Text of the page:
RM: We’ve made enough efforts. If Britain wants to talk we are ready, we have said so again and again and even the people he has asked to intervene, Obasanjo, Mbeki, have asked to try and have dialogue with us. There is a Zimbabwe which some countries would want to regard as a pariah state and never say any good about it, everything that it does is bad but we are not bad. Stay here and you will see that our people are free, you will see that they are able to say things that they would want to say about government, criticise us as much as possible, there is an opposition, not just the MDC, we also have small other groups which have not succeeded naturally in raising members of parliament but they are vocal, they say things against us and they are not arrested. Also things have been said, bad things, personal criticisms even.


SR: The World Food Programme says that urban food shortages are approaching critical. A United Nations memo to say that you could reach the level of tonnage that is being estimated is complete nonsense and quite impossible. The farms, outsiders say, simply aren’t producing enough food. You’ve got bread prices that the state media says could go up by 50%.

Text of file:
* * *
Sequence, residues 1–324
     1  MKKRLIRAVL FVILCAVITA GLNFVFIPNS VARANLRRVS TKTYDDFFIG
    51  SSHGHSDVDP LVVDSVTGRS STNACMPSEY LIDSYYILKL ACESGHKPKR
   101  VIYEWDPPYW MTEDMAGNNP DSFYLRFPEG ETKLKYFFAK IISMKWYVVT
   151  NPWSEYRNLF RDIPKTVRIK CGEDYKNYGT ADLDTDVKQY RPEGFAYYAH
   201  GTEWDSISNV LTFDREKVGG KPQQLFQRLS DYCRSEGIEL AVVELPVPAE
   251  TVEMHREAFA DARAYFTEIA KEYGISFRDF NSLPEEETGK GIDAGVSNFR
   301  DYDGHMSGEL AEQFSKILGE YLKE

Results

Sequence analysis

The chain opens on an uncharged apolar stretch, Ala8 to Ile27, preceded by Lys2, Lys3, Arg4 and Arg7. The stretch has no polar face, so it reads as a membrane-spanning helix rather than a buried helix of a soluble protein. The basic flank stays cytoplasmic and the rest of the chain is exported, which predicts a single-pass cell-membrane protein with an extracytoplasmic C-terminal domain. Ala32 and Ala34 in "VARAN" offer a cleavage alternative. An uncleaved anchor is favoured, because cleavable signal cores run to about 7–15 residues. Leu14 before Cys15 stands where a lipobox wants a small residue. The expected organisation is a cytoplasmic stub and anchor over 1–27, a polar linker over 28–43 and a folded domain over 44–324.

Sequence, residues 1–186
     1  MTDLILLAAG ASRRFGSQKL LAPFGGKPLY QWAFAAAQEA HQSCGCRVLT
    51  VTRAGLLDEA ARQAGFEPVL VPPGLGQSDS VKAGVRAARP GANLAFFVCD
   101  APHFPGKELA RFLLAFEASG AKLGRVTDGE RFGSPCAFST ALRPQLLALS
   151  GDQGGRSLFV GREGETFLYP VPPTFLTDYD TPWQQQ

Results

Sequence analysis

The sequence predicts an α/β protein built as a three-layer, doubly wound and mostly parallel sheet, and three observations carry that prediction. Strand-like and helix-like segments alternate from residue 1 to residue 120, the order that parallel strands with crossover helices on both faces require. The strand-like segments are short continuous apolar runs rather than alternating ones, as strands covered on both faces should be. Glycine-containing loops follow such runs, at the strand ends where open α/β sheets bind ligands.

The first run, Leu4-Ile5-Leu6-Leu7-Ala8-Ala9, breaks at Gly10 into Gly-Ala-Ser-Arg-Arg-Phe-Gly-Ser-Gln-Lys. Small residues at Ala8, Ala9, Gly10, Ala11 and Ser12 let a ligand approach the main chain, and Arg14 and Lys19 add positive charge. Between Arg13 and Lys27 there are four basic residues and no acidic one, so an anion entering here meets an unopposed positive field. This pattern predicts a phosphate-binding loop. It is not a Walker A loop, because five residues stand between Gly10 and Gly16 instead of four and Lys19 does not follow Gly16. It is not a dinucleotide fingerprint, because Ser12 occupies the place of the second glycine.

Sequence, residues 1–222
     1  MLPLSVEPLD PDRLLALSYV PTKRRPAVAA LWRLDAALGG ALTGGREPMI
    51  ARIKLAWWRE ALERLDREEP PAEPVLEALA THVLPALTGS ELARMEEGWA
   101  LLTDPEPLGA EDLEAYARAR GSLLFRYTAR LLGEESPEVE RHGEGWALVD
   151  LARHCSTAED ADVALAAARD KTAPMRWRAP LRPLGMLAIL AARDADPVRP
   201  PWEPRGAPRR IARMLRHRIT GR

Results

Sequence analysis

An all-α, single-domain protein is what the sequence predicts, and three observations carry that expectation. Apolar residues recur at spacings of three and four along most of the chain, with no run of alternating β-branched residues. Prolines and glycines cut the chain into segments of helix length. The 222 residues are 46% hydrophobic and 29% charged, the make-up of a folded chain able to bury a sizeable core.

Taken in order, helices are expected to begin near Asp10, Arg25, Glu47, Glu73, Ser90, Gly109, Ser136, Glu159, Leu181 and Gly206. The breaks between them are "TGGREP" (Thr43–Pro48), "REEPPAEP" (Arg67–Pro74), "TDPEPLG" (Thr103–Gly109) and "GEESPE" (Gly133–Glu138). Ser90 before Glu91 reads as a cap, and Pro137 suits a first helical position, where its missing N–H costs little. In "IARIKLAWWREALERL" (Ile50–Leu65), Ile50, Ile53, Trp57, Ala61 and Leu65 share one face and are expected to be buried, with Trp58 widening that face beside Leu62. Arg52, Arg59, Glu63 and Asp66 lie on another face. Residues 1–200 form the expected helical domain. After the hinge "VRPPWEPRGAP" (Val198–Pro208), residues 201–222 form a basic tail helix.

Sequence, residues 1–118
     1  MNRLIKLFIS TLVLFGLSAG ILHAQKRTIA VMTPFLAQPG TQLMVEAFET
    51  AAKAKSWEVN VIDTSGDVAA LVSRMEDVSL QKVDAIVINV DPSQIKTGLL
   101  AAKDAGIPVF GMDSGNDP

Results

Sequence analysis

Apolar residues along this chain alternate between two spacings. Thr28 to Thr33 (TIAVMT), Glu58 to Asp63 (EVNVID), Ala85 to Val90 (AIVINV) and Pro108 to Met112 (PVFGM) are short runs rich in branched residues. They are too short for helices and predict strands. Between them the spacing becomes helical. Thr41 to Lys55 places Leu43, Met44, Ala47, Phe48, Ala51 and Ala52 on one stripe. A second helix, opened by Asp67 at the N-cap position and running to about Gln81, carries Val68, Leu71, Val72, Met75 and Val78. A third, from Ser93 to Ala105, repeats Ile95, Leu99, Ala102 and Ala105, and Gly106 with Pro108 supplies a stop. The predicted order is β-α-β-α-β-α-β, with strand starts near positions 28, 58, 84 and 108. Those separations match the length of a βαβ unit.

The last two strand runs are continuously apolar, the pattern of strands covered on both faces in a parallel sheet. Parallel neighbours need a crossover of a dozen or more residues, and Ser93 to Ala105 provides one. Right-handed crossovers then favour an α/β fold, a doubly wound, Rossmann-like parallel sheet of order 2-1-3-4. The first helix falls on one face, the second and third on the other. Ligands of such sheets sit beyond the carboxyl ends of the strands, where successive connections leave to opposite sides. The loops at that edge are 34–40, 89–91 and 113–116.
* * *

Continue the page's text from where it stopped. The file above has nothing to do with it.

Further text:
RM: So what is WFP wanting us to do?


SR: What they are saying is you need food aid and therefore .


RM: We need food aid and not the land to produce, we don’t need to produce?


SR: No, they are saying you need to produce more and you need food aid. You’re saying you don’t need food aid. In fact last week you were saying you would produce 2,3 million tonnes which far exceeds anything ever produced before. You are saying you do need food aid?


RM: We have produced that before.


SR: You are not going to produce it this year though.


RM: We are producing it this year, definitely. Our estimates are there and they are showing us we will have enough food for the country and with a surplus.


SR: 800 000 tonnes the shortfall is estimated.


RM: Why is WFP wanting to feed us when we are saying that .


SR: Because they don’t want people to starve.


RM: We are not hungry. It should go to hungrier people, hungrier countries than ourselves. They need the food and we urge it to go and do good work there.